As the show begins, Blais is trying to apply some new math to make Mike’s recent dominance seem less intimidating.
“I’m not worried about Mike’s back to back wins,” he says. “He’s won two challenges in both his seasons. I’ve won eight.”
He’s lying of course. Even his hair looks nervous.
(But while we’re on the subject, what IS up with Mike’s recent dominance? If there were such a thing as culinary steroids, I’d be saying Mike was on the juice. He’s like a mid-major making it to the Final Four. Totally didn’t see this coming. )
For the Quickfire (guest judge: Wolfgang Puck!), they are conjuring up the Ghosts of Quickfires past—assigning each other particularly hard challenges from previous seasons.
And because Mike won the last Elimination Challenge, he gets to assign first:
He gives his cousin Antonia the canned food challenge. (Guess he’s out of the will.)
She gives Blais the hotdog challenge.
And Blais, feeling inordinately proud of himself, gives Mike the “one pot wonder” challenge. (Mike likes to use lots of pots, he explains.)
Antonia, however, is irked: “Giving him one pot gives him access to everything. Blais is not the sharpest one in the drawer.”
Cut to Blais at the exact moment it dawns on him that his strategy has just backfired.
So Blais is making hot dogs with ketchup, because we “all associate hot dogs with ketchup.” No, Richard, we don’t. And for that matter, no America. There is one condiment that belongs on a hot dog and that is mustard. Preferably spicy mustard.
Antonia is trying to season the shit out of her canned food, poor dear.
And Mike is attempting to braise pork in a pressure cooker.
It’s sort of a moderate level of crazy, until Padma comes waltzing back in, trailed by the adorableness that is Carla.
Now they’re lumping in yet another past challenge.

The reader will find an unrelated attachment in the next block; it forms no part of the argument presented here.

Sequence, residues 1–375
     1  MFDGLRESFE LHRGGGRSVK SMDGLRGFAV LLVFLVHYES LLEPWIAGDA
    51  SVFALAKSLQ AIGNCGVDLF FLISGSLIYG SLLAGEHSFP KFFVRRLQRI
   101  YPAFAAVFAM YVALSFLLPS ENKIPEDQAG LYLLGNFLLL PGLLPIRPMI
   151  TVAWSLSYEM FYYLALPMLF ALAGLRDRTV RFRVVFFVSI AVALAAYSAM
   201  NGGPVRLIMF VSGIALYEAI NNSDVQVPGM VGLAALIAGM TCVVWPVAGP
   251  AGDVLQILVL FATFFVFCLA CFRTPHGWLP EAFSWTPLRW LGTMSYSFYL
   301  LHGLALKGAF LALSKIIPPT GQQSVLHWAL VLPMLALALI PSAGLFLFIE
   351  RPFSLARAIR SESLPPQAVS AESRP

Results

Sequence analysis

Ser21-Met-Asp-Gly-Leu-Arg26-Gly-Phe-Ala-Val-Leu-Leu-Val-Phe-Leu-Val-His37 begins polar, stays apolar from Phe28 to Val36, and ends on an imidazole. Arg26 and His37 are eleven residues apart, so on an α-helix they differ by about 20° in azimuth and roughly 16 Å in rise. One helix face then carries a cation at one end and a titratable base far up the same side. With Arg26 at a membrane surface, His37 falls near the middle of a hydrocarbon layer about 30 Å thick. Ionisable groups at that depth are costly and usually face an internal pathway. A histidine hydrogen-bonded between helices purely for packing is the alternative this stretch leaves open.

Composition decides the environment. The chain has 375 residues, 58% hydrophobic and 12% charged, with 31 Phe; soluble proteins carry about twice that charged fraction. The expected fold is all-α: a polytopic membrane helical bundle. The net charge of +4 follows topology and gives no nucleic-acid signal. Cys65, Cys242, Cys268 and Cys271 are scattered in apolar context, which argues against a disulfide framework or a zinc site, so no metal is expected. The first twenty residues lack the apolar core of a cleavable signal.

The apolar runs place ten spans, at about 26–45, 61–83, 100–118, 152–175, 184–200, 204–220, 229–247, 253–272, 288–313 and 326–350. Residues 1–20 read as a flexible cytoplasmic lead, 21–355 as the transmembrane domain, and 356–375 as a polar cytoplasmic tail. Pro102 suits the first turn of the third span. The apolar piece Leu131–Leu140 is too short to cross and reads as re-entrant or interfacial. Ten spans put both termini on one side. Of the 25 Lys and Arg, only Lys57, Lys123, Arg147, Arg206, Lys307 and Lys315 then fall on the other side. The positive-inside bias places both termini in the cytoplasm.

Richard gets the one-hand-tied-behind-your-back challenge. (Good for a few giggles, because Richard trying to spear a lime with one hand is almost as funny as Richard trying to catch a conch.)
Mike has to finish his dish without any knives or utensils, fairly easy for a caveman such as himself.
And Antonia will become a “conjoined twin” with Carla, for the double apron challenge. BFFs!
Puck comes back to taste the offerings.
He thinks Antonia got lots of flavor in her curried soup with canned shrimp. (Ew.)
He likes the balance of Mike’s braised pork and beans.
“I could feed this to my kids at home,” he says to Blais, of his currywurst.
And you can actually see the wheels turning in Blais’ head: He loves his kids. Right? Everyone loves their own kids. But kids have bland palates. Is he saying my food is bland? Is he saying my food is juvenile? Do his children even have teeth?
Finally Blais can contain himself no more: “That’s good, right?” he asks.
“They love sausage and ketchup,” Puck responds.
And the winner is. . .Mike!
“You’ve got a pretty good roll going,” says Padma, mistress of understatement.
Richard “Pokerface” Blais puts his head in his hands in despair.
Next, they head to the Cloisters where they are greeted by Michele Bernstein, Puck, and Iron Chef Morimoto.